• A similar model but without random losses has been studied by Karp, Koutsoupias, Papadimitriou and Shenker (FOCS 2000)!

Stefan Schmid, ETH Zurich @ WICON 2006


Provable performance in basic model

Provable Performance in Basic Model

  • Transfer protocol achieving a provable performance:

  • In order to compensate wireless losses, TCPW increases the bandwidth by a factor larger than μafter successful rounds (aggressive MIMD strategy).

  • Strict competitive ratio: at most 4(μ2+ μ)

Stefan Schmid, ETH Zurich @ WICON 2006


Talk overview2

Talk Overview

Basic Model

Extending the Model to Incorporate Bursts

TCP Wichita and Analysis

Simulation

Conclusion

Stefan Schmid, ETH Zurich @ WICON 2006


Talk overview3

Talk Overview

Basic Model

Extending the Model to Incorporate Bursts

TCP Wichita and Analysis

Simulation

Conclusion

Stefan Schmid, ETH Zurich @ WICON 2006


Extending the model with bursts

Extending the Model with Bursts

  • Network traffic is often bursty.

  • Network calculus has introduced the notion of leaky-bucket arrival curves to study queuing theory from a worst-case perspective.

  • Also a reasonable model for dynamics on transport layer!

leaky bucket arrival curve

Stefan Schmid, ETH Zurich @ WICON 2006


New dynamic adversary

New Dynamic Adversary

  • Dynamics of ADV has to correspond to leaky-bucket constraints

  • where

Adversary can accumulate power in some rounds to change available bandwidth more abruptly later!

Stefan Schmid, ETH Zurich @ WICON 2006


Talk overview4

Talk Overview

Basic Model

Extending the Model to Incorporate Bursts

TCP Wichita and Analysis

Simulation

Conclusion

Stefan Schmid, ETH Zurich @ WICON 2006


Talk overview5

Talk Overview

Basic Model

Extending the Model to Incorporate Bursts

TCP Wichita and Analysis

Simulation

Conclusion

Stefan Schmid, ETH Zurich @ WICON 2006


The tcp wichita transfer protocol for bursty environment

The TCP Wichita Transfer Protocol for Bursty Environment

After successful transmissions, rate is increased by a factor of 2μ2.

Analysis: Look at cases x>u (fail) and x<u (pot. success) individually.

  • xt>ut: Transmission rate compared to OPT can be described by Markov chain.

    - Only in case of random errors, TCPW loses ground / reduces too much!

Stefan Schmid, ETH Zurich @ WICON 2006


Analysis

Analysis

  • In rounds where xt>ut, TCPW has gain = 0!

    • But: TCPW does not miss much gain!

    • TCPW reduces its rate gemoetrically

    • TCPW never overshoots much

The following result can be shown:

TCP Wichita is 4(μ+Bμ2)-competitive against a bursty adversary if μ<(1-p)/4Bp.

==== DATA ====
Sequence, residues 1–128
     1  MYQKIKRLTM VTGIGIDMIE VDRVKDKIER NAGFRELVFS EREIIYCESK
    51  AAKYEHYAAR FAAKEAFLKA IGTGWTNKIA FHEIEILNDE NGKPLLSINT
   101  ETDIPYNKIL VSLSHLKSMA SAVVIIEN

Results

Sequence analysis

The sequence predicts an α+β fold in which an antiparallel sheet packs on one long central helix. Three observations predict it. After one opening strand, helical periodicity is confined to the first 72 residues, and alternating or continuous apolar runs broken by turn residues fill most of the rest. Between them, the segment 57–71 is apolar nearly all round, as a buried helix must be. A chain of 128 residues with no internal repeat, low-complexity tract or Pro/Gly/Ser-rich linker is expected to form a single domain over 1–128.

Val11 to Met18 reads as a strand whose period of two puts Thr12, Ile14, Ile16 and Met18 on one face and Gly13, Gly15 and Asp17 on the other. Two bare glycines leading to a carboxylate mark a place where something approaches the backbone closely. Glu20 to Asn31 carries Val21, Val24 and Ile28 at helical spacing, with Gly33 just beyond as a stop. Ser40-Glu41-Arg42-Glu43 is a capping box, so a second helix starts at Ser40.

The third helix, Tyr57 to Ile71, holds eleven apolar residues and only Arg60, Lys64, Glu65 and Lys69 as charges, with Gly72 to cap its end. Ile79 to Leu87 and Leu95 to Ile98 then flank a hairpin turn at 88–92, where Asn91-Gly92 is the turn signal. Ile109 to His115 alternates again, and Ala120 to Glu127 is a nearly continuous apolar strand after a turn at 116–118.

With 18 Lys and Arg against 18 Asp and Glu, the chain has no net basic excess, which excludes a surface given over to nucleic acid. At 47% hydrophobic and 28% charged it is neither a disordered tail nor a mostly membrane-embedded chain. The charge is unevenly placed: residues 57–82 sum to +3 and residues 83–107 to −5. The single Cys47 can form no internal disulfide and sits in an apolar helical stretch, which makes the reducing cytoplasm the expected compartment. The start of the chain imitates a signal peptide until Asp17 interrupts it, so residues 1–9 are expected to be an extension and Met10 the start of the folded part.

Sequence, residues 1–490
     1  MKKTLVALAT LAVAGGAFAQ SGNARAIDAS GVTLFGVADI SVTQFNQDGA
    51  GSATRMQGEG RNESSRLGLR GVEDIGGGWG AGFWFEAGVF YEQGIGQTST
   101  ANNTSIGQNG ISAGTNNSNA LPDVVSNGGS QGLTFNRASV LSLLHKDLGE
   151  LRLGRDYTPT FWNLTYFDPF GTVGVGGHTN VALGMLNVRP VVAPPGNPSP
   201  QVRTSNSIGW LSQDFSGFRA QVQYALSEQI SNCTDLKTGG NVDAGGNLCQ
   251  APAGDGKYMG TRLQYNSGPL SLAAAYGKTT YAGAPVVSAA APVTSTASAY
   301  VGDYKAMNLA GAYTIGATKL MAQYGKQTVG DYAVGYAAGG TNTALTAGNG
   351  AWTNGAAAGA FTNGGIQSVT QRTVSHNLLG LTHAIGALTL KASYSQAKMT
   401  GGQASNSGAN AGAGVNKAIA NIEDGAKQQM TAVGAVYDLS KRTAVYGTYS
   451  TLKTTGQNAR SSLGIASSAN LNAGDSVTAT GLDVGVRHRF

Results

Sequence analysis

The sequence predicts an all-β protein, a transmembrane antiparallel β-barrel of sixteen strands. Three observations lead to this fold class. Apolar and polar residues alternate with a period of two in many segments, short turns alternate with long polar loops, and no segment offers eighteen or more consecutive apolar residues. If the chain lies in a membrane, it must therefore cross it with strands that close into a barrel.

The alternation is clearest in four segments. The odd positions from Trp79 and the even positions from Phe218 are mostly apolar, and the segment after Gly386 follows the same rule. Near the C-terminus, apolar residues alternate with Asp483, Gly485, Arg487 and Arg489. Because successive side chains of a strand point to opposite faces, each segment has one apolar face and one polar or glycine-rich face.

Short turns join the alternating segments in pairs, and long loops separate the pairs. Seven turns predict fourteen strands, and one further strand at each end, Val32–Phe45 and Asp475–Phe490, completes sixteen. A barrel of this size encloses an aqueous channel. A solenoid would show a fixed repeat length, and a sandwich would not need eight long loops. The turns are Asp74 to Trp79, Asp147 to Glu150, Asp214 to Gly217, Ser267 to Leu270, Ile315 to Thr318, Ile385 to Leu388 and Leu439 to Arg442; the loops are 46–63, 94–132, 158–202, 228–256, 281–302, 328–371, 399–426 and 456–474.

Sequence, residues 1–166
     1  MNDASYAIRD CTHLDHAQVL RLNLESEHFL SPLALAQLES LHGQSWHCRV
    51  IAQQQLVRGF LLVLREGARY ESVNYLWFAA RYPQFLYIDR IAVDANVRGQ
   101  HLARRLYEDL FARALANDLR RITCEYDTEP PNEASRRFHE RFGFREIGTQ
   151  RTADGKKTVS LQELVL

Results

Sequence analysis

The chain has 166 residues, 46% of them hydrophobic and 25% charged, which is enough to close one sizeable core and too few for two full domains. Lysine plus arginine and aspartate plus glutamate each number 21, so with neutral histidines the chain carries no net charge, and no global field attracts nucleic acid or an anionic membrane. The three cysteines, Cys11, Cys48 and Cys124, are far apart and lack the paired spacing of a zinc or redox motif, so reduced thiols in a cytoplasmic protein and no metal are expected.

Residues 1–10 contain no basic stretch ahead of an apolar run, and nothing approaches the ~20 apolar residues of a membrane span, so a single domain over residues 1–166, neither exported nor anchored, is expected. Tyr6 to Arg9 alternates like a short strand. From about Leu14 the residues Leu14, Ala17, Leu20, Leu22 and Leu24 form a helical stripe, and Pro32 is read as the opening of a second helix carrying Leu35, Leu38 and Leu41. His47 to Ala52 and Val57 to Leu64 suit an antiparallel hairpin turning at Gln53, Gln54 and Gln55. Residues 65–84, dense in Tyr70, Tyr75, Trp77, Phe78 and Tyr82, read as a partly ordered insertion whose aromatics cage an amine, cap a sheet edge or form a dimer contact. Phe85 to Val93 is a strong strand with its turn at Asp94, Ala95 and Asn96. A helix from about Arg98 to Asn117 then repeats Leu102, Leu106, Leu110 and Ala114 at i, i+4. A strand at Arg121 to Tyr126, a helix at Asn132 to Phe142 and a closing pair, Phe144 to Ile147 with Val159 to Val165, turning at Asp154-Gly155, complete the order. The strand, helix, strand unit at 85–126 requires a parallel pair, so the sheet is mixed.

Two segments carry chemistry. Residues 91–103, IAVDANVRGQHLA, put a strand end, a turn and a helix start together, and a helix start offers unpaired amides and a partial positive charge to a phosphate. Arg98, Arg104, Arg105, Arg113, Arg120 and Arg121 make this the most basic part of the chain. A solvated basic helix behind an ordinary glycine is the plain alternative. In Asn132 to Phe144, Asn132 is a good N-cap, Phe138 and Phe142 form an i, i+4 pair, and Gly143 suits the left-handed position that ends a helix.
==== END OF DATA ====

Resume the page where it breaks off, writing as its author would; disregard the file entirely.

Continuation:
Stefan Schmid, ETH Zurich @ WICON 2006


Talk overview6

Talk Overview

Basic Model

Extending the Model to Incorporate Bursts

TCP Wichita and Analysis

Simulation

Conclusion

Stefan Schmid, ETH Zurich @ WICON 2006


Talk overview7

Talk Overview

Basic Model

Extending the Model to Incorporate Bursts

TCP Wichita and Analysis

Simulation

Conclusion

Stefan Schmid, ETH Zurich @ WICON 2006


Simulation

Simulation

  • Random bandwidth changes with bursts

    - Random changes smaller than μ, until enough is accumulated for burst

Stefan Schmid, ETH Zurich @ WICON 2006


Talk overview8

Talk Overview

Basic Model

Extending the Model to Incorporate Bursts

TCP Wichita and Analysis

Simulation

Conclusion

Stefan Schmid, ETH Zurich @ WICON 2006


Talk overview9

Talk Overview

Basic Model

Extending the Model to Incorporate Bursts

TCP Wichita and Analysis

Simulation

Conclusion

Stefan Schmid, ETH Zurich @ WICON 2006


Conclusion 1

Conclusion (1)

  • A framework which allows for formal protocol analysis and incorporates dynamic congestion and random losses

  • We believe that there is still little algorithmic research on the transport layer!

  • Network calculus may be a good model for dynamics in various settings!

  • Selfish throughput maximization

    • Really a threat? Experiences?

    • Security: Routers often drop UDP packets first in case

      of congestion! Cheating possible?

Stefan Schmid, ETH Zurich @ WICON 2006


Conclusion 2

Conclusion (2)

  • Open research questions:

    • Better / tight bound for competitive ratio?

    • Randomized online algorithms?

    • Impact on stability in case of multiple flows?

    • Model extensions: buffers, varying round trip times, etc.?

    • Model verification & real implementation?

Stefan Schmid, ETH Zurich @ WICON 2006


Questions and comments

Questions and Comments?

Thank you for your attention!

Stefan Schmid

Distributed Computing Group

ETH Zurich, Switzerland

[email protected]

http://dcg.ethz.ch/members/stefan.html

Stefan Schmid, ETH Zurich @ WICON 2006